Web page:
Chronic myeloid leukemia (CML) is a tricky cancer because it can respond well to initial therapy, but then that drug sometimes stops working. The same thing can happen when different – second-line – drugs are used. The reason for this is that the disease tends to keep changing or mutating.
Chronic myeloid leukemia often responds to first-line treatment. Gleevec (imatinib) is the standard first-line medication. The disease usually quiets for a time, then comes back. A new drug has been approved to treat this blood and bone marrow cancer.
Since targeted therapies known as tyrosine kinase inhibitors (TKI) have been in use, the outlook for people diagnosed with chronic myeloid leukemia has improved dramatically. Unfortunately, this trend isn't true for all patients.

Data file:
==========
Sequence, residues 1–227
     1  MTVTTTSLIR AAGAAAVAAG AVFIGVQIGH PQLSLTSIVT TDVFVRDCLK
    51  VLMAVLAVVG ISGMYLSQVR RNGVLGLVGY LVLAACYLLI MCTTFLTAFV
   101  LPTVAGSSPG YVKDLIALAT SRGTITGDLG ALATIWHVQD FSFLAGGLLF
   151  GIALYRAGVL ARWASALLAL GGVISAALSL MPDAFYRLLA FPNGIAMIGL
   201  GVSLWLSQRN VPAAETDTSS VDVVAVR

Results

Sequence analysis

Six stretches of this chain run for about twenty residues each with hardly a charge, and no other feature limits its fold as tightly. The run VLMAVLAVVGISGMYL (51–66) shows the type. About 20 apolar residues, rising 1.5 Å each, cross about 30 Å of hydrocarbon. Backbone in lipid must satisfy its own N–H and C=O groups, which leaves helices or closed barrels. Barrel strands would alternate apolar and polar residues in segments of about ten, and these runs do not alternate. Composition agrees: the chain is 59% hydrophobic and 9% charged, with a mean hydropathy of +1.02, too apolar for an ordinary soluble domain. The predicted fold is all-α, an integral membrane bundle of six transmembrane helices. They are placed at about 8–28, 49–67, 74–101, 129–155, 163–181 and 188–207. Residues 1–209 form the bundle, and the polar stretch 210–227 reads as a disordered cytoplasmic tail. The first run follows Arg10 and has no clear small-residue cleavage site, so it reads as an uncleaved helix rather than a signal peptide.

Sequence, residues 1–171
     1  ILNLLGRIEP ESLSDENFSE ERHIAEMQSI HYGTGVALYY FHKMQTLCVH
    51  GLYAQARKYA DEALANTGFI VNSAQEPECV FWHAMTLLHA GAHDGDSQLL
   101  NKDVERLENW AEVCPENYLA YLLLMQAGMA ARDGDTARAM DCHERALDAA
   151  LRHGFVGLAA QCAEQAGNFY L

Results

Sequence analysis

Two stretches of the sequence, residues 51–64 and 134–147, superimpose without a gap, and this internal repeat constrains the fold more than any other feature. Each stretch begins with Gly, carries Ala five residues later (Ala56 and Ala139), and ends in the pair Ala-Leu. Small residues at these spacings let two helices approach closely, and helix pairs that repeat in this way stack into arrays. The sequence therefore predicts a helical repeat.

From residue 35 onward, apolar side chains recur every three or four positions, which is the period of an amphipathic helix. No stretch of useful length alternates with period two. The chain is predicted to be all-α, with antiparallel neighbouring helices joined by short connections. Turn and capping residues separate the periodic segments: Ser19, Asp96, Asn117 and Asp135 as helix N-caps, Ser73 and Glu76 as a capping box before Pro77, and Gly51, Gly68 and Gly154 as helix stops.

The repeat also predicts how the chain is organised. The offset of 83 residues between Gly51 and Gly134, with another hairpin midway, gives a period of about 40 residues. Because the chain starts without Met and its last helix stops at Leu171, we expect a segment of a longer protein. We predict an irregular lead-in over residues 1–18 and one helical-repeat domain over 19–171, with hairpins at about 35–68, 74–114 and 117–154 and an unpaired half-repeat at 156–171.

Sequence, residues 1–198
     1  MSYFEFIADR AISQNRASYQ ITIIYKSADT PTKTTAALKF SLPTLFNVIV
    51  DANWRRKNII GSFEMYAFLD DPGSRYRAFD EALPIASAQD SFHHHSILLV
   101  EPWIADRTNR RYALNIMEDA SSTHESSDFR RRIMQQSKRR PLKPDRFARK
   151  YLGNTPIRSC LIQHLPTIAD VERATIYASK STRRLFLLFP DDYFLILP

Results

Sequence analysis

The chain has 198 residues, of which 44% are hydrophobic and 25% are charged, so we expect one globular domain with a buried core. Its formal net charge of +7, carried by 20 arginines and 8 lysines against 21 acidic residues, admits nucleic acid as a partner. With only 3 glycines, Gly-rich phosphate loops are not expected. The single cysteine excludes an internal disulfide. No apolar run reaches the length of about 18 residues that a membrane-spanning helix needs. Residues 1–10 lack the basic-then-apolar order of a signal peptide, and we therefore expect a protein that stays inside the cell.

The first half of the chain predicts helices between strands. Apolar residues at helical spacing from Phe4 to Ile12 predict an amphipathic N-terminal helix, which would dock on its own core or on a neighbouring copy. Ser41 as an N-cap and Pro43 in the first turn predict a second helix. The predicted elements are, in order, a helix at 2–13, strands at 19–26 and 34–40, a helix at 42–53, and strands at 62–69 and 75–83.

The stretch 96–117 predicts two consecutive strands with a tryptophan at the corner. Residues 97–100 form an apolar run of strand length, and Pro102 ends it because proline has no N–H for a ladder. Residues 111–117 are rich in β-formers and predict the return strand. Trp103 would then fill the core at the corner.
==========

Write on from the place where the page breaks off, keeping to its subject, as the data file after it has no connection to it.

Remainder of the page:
The course of chronic myeloid leukemia (CML) has changed substantially thanks to the use of a class of drugs called tyrosine kinase inhibitors (TKIs). How these drugs are being used is changing too.
About 20 percent of all leukemias in the Western world are chronic myeloid leukemia (CML). Today's treatments target an abnormal chromosome that causes the disease, but new theories about how to outwit this resilient disease are sprouting.